B-228015, B-228015.2, Dec 7, 1987, 87-2 CPD 562

B-228015,B-228015.2: Dec 7, 1987

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The protester is an interested party for purposes of protesting that its proposal was improperly evaluated. 2. A disappointed offeror in a negotiated procurement is an interested party to file a protest. Even though the contracting agency contends that the protester's offer expired before the contract was awarded. Doubt as to the timeliness of a protest is resolved in favor of the protester. The price contained in the protester's proposal for a fixed-price contract is denied. The record contains no evidence that the protester's lowest proposed price was increased and. Which was eliminated from the competitive range because of technical and commercial/management considerations. Was never evaluated at all under cost/price criteria.

B-228015, B-228015.2, Dec 7, 1987, 87-2 CPD 562

PROCUREMENT - Bid Protests - GAO Procedures - Interested Parties DIGEST: 1. Where the protester's proposal has been evaluated and rejected as technically and commercially unacceptable, the protester is an interested party for purposes of protesting that its proposal was improperly evaluated. 2. A disappointed offeror in a negotiated procurement is an interested party to file a protest, even though the contracting agency contends that the protester's offer expired before the contract was awarded, because: (1) the protester's offer, though containing an ambiguity as to the offer acceptance period, can reasonably be construed as conforming to the solicitation's offer acceptance period requirement; and (2) the protester's active pursuit of the protest exhibits the protester's willingness to accept a contract award. PROCUREMENT - Bid Protests - GAO Procedures - Protest Timeliness - 10-day Rule - Effective Dates 3. A protester may wait until after it has been debriefed to file a protest, where the information available to the protester before the debriefing did not contain sufficient detail for the protester to determine whether it had a basis for protest. Doubt as to the timeliness of a protest is resolved in favor of the protester. PROCUREMENT - Competitive Negotiation - Offers - Evaluation Errors - Allegation Substantiation 4. Protest alleging that evaluators unilaterally increased the labor hours and, consequently, the price contained in the protester's proposal for a fixed-price contract is denied. The record contains no evidence that the protester's lowest proposed price was increased and, in fact, shows that the protester's proposal, which was eliminated from the competitive range because of technical and commercial/management considerations, was never evaluated at all under cost/price criteria. PROCUREMENT - Competitive Negotiation - Offers - Competitive Ranges Exclusion - Administrative Discretion 5. Protest alleging that the protester's proposal was improperly evaluated and excluded from the competitive range even though the protester offered the lowest price is denied, where the record shows that the protester's proposal contained numerous material informational deficiencies, justifying exclusion of the proposal on technical and commercial/management criteria alone.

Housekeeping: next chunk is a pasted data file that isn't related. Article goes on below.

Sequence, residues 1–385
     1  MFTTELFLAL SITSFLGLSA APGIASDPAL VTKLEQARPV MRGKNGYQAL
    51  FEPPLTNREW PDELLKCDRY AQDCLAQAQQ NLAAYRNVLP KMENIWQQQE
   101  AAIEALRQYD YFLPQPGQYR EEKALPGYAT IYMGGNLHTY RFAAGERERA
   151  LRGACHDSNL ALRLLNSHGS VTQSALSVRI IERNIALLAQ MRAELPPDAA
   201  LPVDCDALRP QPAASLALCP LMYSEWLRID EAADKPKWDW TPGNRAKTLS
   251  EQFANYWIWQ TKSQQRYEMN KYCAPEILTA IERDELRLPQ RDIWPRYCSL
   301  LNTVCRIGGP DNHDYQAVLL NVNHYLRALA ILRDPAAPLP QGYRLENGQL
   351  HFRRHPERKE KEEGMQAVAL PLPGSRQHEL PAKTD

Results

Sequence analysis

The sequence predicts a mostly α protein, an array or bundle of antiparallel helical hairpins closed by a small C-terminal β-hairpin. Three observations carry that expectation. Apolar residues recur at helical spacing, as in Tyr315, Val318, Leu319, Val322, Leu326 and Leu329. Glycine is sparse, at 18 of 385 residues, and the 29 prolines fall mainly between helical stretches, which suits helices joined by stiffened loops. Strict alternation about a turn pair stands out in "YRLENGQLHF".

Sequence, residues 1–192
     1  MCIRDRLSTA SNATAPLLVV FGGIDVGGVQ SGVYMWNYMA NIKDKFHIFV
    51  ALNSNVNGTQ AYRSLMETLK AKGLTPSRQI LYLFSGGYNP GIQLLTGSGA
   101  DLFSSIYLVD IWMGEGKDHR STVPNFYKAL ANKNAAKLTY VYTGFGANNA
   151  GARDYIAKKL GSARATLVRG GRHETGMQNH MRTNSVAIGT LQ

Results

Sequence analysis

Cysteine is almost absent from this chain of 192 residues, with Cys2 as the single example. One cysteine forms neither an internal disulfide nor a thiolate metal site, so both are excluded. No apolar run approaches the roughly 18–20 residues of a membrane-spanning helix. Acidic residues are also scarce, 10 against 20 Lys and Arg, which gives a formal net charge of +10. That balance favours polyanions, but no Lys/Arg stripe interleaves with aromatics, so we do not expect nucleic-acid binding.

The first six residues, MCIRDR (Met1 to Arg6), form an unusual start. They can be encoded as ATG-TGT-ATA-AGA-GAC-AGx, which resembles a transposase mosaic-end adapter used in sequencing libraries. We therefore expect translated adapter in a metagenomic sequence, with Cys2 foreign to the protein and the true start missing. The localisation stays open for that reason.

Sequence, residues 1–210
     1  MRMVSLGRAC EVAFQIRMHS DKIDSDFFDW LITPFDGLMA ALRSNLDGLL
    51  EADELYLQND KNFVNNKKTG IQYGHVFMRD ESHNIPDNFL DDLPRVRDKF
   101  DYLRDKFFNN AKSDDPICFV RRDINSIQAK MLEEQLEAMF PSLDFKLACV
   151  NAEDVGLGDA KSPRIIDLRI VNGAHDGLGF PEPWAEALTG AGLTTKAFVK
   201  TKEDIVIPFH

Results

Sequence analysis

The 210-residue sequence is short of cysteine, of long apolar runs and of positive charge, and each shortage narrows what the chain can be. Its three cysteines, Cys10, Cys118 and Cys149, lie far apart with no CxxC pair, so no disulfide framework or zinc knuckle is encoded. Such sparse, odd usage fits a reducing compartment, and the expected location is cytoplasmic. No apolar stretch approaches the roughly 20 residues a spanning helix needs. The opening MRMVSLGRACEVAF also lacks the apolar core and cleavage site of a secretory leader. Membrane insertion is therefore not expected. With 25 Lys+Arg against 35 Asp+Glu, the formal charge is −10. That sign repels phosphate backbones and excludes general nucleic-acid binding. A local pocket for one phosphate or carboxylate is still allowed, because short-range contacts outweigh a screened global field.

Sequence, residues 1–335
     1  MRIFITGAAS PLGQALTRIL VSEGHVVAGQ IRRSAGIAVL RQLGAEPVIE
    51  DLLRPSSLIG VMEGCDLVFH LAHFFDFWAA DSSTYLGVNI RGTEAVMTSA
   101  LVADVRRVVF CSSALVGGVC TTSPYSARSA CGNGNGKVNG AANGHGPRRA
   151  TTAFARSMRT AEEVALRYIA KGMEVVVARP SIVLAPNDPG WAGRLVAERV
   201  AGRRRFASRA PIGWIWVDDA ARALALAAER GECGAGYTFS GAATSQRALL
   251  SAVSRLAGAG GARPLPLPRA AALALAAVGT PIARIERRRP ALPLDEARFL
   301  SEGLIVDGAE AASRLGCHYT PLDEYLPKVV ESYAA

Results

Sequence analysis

Fairfield Machine Company, Inc.:

Fairfield Machine Company, Inc., protests award of a subcontract to Wright Industries, Inc., by Stearns Catalytic Corporation pursuant to request for proposals (RFP) No. DO3C-01. The contract calls for Wright to supply Stearns with three multipurpose demilitarization machines, with options for an additional 16 machines. Stearns is buying the machines in accord with the terms of its prime contract with the Army Corps of Engineers (Contract No. DACA87-84-C-0081), which requires Stearns to procure, install and test process systems and equipment to be used in disposing of chemical warfare agents in an environmentally sound and safe manner.